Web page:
With the number of reported sexual assaults rising on college campuses, gun lobbyists have started suggesting that the legalization of carrying concealed weapons on college campuses would make female students safer. This year, lawmakers in 10 states pushed bills through their legislatures that would allow concealed carry on their state’s college campuses. While advocates for this reform argue it is for the benefit of sexual assault survivors, there seems to be political motivation behind their reasoning. It appears that the pro-gun lobby is now utilizing the issue of sexual assault to validate concealed carry. However, this view overlooks the real issues surrounding sexual assault on college campuses and should absolutely not be implemented.

Last month, Florida State Rep. Dennis K. Baxley (R–Ocala) stated, “If you’ve got a person that’s raped because you wouldn’t let them carry a firearm to defend themselves, I think you’re responsible.” This is a strong statement, as it suggests that the use of violence is more a “responsibility” of the victim than an issue of the offender. This solution, advocated by Baxley, also forces women to be responsible in stopping sexual assault, as opposed to society as a whole.

The Florida bill went on to pass out of sub-committee and is currently on the floor of the state House of Representatives. In Nevada, Assemblywoman Michele Fiore (R), who is sponsoring a similar bill in the Nevada House of Representatives, added to Baxley’s tone, stating in an interview with The New York Times, “If these young, hot little girls on campus have a firearm, I wonder how many men will want to assault them.” Making the assumption that these “young, hot little girls” should have to assume the jobs of the law enforcement officials is not addressing the rise of sexual assault. It also isn’t going to decrease the risk of violence on college campuses.

Additionally, this assumption that the current problem with sexual assault on college campuses is merely happenstance of a sexually charged individual on the streets attacking a woman is false. What is true, according to a study published by the U.S. Department of Justice in 2007, is that 19 percent of women in college were survivors of sexual assault or an attempted sexual assault at some point in their college career. Furthermore, about 85 to 90 percent of these assaults occur by someone known to the victim.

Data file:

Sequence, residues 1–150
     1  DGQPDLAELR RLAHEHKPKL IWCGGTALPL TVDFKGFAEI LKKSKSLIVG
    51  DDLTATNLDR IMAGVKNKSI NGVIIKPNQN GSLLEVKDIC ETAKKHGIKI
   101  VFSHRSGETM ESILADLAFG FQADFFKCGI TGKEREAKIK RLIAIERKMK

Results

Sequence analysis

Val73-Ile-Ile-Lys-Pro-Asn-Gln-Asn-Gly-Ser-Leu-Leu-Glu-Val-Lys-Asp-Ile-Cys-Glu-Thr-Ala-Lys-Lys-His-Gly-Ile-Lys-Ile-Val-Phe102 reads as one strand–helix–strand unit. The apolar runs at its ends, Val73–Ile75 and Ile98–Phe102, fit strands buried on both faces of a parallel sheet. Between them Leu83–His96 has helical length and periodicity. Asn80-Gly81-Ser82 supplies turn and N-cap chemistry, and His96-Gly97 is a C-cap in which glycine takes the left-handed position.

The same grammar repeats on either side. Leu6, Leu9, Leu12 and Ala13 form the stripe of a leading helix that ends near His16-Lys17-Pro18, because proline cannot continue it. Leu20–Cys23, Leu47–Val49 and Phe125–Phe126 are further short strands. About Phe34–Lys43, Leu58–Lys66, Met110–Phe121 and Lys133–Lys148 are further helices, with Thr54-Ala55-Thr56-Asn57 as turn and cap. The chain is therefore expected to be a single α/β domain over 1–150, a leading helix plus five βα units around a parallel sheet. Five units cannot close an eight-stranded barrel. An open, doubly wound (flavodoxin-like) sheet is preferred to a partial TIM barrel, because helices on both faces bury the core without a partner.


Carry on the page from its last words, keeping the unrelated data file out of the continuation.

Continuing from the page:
John Foubert, president of One in Four, an educational service on college sexual assault and professor at Oklahoma State University, offered a different voice to the debate. Foubert, a professor in a state with a college concealed carry bill currently under review, contends that guns can’t solve the problem: “If you have a rape situation, usually it starts with some sort of consensual behavior, and by the time it switches to nonconsensual, it would be nearly impossible to run for a gun.”

This is not a far-fetched theory, considering that the rate at which survivors of sexual assault or attempted sexual assault knew their assailant. The DOJ study found that, when described by the survivors, the assailant was most commonly a classmate, friend, boyfriend, ex-boyfriend or acquaintance. These incidents are reported to have occurred mainly in two locations: 60 percent of the time in one of the two party’s private domains and 10 percent of the time in a fraternity house. It would be rather difficult, as a person in danger, to know exactly when and how to properly defend oneself in such situations.

There is a complete lack of practical applicability with these bills, especially in Michigan. Considering the age to legally carry a concealed weapon is 21 in the state, and most of these “hot, young” and “drug and alcohol abusing” college students that these advocates of the bill are describing are between the ages of 18 and 21, it would be illegal under state law for these individuals to purchase handguns from licensed dealers.

These bills being pushed appear to be either flawed attempts to fix the problem of sexual assault on college campuses or a rather thinly veiled facade for what these lobbyists are really promoting: legalizing weapon carrying. The issue of sexual assault on college campuses is one that is both sensitive in nature and hotly debated in society. For legislation to be debated and passed that puts the onus on the women who attend these institutions glosses over the real issues that exist in society. Everything should be done to drastically reduce the rate of sexual assault on college campuses in the United States, but concealed carry on campus is not the answer we so desperately need.

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